Disinformation-for-Hire and Click Farming around the World: Identities, Incentives, Infrastructures
Journal issue, 15. October 2021.
*Call for Papers*
*Special Issue of Social Media + Societ <http://journals.sagepub.com/home/sms> (Open Access Journal)*
*Abstract submission deadline: October 15, 2021*
*Full paper submission deadline: March 1, 2022*
*Special Issue Editors: */Rafael Grohmann (Unisinos University, Brazil) and Jonathan Corpus Ong (University of Massachusetts-Amherst, USA)/
From state-sponsored propagandists using paid troll armies, to commercially motivated data analytics firms selling their toolkits to politicians, and platform workers producing memes for overseas clients, the global industry of disinformation production has only professionalized and diversified. This special issue for /Social Media + Society/ aims to deepen understanding about the social identities, work arrangements, and political and commercial motivations of an emerging class of digital disinformation workers. We are interested in critical and interdisciplinary research that examines the political economy, specifically the digital and creative industries that propel and produce disinformation.
The special issue’s focus on business models and disinformation worker identities in global context aims to expand on disinformation studies’ analysis of “fake news” and hate speech as content that require better policing or fact-checking. It also aims to expand platform studies’ research agenda and consider the range of digital professionals and entrepreneurs who buy and sell engagement on social media–with pernicious political consequences especially in contexts where dissenting voices are suppressed.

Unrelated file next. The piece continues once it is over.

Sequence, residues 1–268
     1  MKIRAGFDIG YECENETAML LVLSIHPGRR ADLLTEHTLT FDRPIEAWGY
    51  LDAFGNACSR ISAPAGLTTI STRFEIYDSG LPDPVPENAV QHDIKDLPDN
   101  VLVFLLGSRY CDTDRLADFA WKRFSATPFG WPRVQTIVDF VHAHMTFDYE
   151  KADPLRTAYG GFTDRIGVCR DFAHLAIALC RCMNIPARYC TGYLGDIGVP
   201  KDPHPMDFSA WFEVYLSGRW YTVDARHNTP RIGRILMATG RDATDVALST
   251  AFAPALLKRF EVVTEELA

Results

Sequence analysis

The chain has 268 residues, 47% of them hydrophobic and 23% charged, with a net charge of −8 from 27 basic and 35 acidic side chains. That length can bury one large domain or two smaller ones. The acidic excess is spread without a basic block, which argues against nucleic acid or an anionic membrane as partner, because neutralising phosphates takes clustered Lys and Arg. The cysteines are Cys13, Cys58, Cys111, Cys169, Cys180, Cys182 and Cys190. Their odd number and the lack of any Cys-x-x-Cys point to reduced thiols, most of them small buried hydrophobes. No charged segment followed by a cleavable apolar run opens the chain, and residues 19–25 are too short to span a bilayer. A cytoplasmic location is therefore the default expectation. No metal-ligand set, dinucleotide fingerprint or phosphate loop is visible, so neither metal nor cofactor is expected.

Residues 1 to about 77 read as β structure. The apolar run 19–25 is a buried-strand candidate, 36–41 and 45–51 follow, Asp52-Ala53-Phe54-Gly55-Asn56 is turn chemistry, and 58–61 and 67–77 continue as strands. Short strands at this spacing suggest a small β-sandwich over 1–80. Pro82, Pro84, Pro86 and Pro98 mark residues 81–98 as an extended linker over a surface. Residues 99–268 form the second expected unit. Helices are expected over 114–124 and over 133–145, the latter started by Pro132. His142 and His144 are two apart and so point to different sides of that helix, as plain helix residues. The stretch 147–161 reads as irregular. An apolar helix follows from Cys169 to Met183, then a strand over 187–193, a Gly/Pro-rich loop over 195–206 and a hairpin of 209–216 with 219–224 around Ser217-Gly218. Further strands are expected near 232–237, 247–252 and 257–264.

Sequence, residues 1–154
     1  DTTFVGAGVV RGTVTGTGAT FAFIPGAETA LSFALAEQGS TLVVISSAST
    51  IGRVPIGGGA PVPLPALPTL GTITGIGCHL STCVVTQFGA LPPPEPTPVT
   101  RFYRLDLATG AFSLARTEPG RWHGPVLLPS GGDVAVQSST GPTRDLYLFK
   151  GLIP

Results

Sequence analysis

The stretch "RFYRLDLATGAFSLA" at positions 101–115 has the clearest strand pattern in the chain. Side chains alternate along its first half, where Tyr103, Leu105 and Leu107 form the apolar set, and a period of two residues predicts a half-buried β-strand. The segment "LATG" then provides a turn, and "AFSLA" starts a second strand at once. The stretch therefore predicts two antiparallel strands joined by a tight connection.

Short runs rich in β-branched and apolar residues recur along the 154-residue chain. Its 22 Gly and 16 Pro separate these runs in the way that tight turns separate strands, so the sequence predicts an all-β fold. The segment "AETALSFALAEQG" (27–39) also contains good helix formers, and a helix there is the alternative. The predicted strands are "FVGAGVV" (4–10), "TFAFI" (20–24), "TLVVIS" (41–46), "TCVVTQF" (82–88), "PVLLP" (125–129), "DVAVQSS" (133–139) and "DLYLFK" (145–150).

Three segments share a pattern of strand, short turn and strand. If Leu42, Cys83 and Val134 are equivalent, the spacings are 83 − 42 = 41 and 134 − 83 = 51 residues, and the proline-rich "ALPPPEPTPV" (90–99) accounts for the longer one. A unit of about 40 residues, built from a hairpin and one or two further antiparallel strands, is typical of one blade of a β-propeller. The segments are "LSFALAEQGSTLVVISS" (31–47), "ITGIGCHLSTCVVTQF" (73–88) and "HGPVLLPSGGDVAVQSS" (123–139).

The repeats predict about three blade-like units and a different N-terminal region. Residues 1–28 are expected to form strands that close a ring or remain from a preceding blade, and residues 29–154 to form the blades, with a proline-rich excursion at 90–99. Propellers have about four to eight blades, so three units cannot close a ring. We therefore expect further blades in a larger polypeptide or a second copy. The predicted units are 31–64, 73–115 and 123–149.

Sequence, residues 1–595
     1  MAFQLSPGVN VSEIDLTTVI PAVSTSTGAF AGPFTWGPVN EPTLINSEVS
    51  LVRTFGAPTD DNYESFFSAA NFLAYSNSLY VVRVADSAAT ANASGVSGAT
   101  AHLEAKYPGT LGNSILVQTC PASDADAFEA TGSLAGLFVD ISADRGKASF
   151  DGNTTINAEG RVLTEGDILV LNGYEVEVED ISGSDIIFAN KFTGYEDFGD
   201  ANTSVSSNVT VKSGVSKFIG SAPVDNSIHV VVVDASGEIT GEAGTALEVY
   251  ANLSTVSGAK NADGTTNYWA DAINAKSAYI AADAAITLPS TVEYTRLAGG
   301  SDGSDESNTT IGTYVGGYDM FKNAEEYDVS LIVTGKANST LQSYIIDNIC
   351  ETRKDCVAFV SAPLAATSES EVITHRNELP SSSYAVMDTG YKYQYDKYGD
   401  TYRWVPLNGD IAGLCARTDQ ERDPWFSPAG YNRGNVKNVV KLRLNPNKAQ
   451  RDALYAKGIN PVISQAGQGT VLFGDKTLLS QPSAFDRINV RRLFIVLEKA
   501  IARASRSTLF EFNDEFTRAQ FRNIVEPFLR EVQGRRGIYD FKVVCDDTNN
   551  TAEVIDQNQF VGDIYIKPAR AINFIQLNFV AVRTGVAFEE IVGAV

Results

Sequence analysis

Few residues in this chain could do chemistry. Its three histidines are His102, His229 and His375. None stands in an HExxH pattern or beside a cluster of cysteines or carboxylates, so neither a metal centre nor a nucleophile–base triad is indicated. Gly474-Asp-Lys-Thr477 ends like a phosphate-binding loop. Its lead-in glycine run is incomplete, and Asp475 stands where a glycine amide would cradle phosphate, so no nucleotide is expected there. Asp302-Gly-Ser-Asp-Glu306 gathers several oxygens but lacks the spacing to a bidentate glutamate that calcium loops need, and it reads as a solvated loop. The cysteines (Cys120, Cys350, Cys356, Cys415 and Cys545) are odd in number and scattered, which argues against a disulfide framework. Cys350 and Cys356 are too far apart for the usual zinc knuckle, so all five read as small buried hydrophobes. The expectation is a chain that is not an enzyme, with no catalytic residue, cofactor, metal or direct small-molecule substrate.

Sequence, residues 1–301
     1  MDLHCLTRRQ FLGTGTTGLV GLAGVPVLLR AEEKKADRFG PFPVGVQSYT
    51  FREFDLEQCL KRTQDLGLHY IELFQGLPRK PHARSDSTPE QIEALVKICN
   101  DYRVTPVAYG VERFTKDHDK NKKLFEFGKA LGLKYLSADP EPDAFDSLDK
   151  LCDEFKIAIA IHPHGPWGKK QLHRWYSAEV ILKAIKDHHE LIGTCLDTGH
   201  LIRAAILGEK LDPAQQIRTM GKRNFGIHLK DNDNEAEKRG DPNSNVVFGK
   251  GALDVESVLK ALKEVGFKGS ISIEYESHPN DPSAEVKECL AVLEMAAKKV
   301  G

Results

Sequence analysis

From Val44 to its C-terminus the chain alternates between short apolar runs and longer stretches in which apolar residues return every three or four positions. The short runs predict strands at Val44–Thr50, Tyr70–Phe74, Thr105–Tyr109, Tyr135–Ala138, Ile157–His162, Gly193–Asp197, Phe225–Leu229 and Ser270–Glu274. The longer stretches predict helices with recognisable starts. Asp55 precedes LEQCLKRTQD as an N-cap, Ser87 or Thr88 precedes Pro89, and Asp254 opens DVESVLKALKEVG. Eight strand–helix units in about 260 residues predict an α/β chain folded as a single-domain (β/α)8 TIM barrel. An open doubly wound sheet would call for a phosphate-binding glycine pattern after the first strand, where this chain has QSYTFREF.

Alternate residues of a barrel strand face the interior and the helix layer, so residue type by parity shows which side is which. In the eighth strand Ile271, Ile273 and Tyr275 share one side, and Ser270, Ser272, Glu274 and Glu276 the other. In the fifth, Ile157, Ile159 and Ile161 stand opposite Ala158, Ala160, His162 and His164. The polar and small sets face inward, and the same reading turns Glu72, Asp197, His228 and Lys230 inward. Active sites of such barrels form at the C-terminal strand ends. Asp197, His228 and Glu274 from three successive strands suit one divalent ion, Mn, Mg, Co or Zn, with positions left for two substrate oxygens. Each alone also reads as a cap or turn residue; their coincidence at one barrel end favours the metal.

Thus, we solicit submissions that discuss the diverse worker hierarchies and conditions, outsourced gig arrangements, money politics, and/or regulatory loopholes in the promotional industries that enable the strategic production of disinformation. We are interested in interdisciplinary and ethnographic research that engages with the deep stories of workers in “dark PR” firms (Silverman, Lytyvenko & Kung 2020; Verwey & Muir 2019), data analytics firms (Briant 2021), Latin American and Indonesian Instagram click farms (Lindquist 2021), and “propaganda secretary” offices (Hassan & Hitchen 2019). We are also interested in normative discussions about complicity and collusion in digital industries as well as scholarly self-reflection about the challenges of doing engaged research about disinformation (Ong 2020).
We are especially interested in submissions that shed light across these themes:
* ethnographic portraits of paid trolls, meme producers, and political
* precarity, aspiration, and the tactics of resistance of digital
workers / disinformation producers
* the ethics of representing perpetrators; whistleblowers as
* participatory disinformation (Starbird 2021) and networked
* the infrastructure, materiality, and “platform trees” (van Dijck
2020) of click farm platforms with mainstream social media
* moral justifications of disinformation producers (Ong & Cabañes 2019)
* the complicity of advertising and public relations to “organized
lying” (Edwards 2021)
* legitimacy, respectability, and plausible deniability; the role of
intermediaries or brokers in the disinformation industries
* mental health of workers in digital shadow economies